Special Issue "Personalized Medicine: Recent Progress in Cancer Therapy"

A special issue of Cancers (ISSN 2072-6694).

Deadline for manuscript submissions: 29 February 2020.

Special Issue Editors

Prof. Dr. Marieke H.J. van den Beuken-van Everdingen
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Guest Editor
Centre of Expertise for Palliative Care, Maastricht University Medical Centre, Maastricht, The Netherlands
Interests: palliative care; cancer pain; opioids; NMDA; symptoms in cancer
Dr. Ann Hoeben
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Guest Editor
Division of Medical Oncology, GROW—School for Oncology and Developmental Biology, Maastricht University Medical Center, Maastricht, The Netherlands
Interests: neuro-oncology; palliative care; personolised medicine
Prof. Dr. Elbert A.J. Joosten
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Guest Editor
Department of Anesthesiology and Pain Management, Maastricht University Medical Center+, Maastricht, The Netherlands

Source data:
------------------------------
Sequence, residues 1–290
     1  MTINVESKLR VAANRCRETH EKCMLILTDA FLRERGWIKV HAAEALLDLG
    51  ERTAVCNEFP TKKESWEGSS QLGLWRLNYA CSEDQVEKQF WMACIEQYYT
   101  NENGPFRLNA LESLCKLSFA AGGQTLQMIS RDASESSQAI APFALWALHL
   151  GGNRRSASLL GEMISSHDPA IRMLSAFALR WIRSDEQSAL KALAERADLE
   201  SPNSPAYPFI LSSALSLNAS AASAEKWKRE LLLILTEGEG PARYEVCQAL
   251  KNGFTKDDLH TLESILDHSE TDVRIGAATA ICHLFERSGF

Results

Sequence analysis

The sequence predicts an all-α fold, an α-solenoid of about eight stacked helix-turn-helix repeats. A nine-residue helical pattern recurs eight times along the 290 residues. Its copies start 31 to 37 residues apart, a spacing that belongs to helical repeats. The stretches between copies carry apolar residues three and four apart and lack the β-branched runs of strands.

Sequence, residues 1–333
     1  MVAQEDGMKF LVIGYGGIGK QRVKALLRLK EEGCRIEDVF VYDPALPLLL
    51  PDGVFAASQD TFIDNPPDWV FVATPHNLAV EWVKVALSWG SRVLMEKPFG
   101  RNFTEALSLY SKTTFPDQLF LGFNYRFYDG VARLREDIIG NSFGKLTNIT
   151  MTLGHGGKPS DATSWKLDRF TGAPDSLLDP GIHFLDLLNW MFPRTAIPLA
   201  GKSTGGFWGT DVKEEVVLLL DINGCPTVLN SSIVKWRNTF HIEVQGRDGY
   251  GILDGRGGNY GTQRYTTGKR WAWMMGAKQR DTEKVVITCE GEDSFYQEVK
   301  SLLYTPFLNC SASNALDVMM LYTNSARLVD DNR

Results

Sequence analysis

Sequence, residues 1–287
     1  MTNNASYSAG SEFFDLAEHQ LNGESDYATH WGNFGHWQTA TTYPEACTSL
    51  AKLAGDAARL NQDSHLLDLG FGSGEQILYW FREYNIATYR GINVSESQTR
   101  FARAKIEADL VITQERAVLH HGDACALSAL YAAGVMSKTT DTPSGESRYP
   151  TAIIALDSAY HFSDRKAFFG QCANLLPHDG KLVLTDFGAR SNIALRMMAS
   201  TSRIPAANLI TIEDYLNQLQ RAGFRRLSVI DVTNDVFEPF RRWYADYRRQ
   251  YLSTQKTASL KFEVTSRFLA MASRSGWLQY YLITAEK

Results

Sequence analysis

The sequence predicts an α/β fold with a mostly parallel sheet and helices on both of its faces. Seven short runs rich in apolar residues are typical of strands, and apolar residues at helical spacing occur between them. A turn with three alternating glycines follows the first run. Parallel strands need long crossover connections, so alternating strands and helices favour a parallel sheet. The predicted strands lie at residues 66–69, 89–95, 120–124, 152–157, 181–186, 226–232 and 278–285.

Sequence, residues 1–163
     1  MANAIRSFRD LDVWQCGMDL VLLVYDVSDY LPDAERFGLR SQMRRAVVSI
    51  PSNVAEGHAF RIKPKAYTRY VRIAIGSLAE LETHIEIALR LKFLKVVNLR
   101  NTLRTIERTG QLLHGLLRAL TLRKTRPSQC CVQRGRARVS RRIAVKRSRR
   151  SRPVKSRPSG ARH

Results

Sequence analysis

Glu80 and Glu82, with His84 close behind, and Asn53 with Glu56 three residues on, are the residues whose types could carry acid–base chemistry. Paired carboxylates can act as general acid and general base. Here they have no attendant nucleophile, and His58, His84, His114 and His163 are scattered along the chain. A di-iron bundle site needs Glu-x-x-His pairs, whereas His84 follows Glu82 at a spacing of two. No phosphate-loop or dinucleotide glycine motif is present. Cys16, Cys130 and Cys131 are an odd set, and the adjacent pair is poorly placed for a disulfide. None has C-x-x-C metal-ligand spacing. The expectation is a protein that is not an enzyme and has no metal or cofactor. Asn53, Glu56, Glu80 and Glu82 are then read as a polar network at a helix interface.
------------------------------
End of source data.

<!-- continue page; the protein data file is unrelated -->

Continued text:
Interests: neuropathic pain; NMDA; opioids; cancer pain; spinal cord; nociception; mechanism of action; pharmacology of pain

Special Issue Information

Dear Colleagues,

Personalized medicine (PM) or precision medicine in oncology is an emerging approach for tumor treatment and prevention, which takes into account inter- and intra-tumoral variability in genes, tumor (immune) environment, and lifestyle and morbidities of each person diagnosed with cancer. PM has the potential to tailor therapy towards the oncogenic drivers of the tumor and modulate the tumor immune environment, not only attempting to optimize tumor response, but also taking into account therapy-induced toxicities for each specific patient. In this way, optimized tumor response is combined with the preservation of organ function and quality of life, ensuring better patient care.